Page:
Nigerian Police Arrest 42 Men for Homosexuality During Weekend Hotel Raid

Nigerian Police Arrest 42 Men for Homosexuality During Weekend Hotel Raid

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Om Saturday afternoon, Nigerian police reportedly arrested 42 men for homosexual acts in a hotel in Lagos state, the southwestern region of Nigeria.

The men could each receive 40 years in jail if convicted.

Nigerian police allegedly arrested men “caught in the act” of homosexuality

The men had gathered at the Vincent Hotel for an event which sought to raise awareness about HIV, according to a local gay rights activist. Police from the Owode Onirin Division, a municipal region just above Lagos, raided the event and sequestered the men within the hotel so they could not escape.

A local resident who identified himself only as Tunji told the press, “There have been reports that the hotel harbors homosexuals. They were there this afternoon when policemen struck. About 40 of them were caught in the act.”

While Tunji claimed that the men had been “caught in the act,” it’s unclear what he’s implying and how he would know. The police have reportedly cordoned off the hotel while they conduct an investigation. They have also handed the men over to the Lagos State Task Force where the arrestees will soon force court charges.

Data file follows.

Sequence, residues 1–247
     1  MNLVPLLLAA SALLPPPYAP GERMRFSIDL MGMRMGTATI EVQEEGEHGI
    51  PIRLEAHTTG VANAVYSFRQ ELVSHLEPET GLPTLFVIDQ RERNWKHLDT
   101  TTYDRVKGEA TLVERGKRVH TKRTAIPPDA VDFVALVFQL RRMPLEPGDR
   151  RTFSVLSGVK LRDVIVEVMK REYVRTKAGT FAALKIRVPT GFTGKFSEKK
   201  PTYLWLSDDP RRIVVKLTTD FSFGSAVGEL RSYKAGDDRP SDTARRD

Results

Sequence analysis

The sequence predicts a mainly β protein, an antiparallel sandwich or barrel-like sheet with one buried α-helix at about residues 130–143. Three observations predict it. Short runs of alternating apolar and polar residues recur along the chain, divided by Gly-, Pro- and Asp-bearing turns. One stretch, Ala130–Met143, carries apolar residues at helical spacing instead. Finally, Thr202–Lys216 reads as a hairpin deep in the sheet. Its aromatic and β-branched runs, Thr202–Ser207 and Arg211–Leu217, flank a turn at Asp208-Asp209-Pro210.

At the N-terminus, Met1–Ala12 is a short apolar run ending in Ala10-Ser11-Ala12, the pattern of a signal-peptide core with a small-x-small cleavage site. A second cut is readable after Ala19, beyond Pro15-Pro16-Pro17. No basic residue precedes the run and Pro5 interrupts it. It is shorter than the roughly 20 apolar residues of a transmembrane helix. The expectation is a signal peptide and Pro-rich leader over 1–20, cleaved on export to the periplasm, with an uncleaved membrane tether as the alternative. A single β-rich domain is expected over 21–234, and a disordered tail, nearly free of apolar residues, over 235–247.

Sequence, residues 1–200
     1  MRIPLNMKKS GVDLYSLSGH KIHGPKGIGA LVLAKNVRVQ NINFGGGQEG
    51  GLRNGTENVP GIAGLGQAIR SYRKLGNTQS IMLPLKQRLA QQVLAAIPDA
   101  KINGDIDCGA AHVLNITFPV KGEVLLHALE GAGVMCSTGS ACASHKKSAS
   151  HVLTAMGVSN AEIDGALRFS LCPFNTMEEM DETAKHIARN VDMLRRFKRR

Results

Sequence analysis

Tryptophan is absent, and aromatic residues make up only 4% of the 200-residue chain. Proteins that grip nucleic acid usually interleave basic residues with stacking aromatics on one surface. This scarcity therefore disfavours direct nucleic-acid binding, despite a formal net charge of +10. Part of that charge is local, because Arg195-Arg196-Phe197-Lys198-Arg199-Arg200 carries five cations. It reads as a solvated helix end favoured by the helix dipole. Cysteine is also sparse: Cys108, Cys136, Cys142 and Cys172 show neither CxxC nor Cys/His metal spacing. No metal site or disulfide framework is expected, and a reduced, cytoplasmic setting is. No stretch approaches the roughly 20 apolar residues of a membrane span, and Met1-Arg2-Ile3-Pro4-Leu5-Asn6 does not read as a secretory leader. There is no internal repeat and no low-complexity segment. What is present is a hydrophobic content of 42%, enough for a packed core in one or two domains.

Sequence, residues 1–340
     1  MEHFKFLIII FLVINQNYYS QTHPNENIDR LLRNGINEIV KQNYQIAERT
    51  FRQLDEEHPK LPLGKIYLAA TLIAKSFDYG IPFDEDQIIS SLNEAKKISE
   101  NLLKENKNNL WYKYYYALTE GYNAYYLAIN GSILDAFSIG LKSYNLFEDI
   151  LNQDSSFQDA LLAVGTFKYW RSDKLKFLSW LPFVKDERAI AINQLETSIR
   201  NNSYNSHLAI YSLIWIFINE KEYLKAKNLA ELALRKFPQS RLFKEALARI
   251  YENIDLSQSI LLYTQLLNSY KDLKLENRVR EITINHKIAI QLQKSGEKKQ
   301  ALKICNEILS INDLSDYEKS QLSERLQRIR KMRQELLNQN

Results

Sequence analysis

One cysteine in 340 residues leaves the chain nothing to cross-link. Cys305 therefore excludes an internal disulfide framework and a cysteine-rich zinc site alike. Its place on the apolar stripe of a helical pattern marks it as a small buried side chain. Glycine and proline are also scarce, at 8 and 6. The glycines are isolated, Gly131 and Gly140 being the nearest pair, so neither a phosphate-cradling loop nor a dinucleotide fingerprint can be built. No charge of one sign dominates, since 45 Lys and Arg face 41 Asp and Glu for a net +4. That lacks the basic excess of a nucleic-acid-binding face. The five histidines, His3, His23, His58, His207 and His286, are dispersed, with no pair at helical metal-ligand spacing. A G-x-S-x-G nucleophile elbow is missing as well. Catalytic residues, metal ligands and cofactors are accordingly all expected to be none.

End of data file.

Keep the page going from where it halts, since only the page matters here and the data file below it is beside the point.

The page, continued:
A short history of Nigeria’s anti-LGBTQ laws and their effect

Nigeria has banned same-sex relationships since 1901, and passed laws in 2013 criminalizing same-sex marriages, gay and lesbian gatherings and any public displays of same-sex affection.

A 2015 survey conducted by London-based gay Nigerian activist organization found that 87% of Nigerian residents consider homosexuality a way of life that society shouldn’t accept. LGBTQ people there face daily threats of violence and arrest as well as exorcism and ex-gay conversion therapy.

In January 2017, a comedy sketch about an anti-gay sexual assault gained moderate infamy after being viewed 875,000 times on Facebook. In April 2017, authorities in the north Nigerian state of Kaduna reportedly arrested and charged 53 people with conspiracy, unlawful assembly and belonging to an unlawful society over their alleged celebration of a gay wedding. Reportedly, 45 of the 53 arrestees skipped bail and went into hiding after being released from jail.

In Nigeria, strict enforcement of anti-gay laws and subsequent torture of those arrested has stopped many men from seeking help from local AIDS organizations.



Featured image by Fridah via iStock

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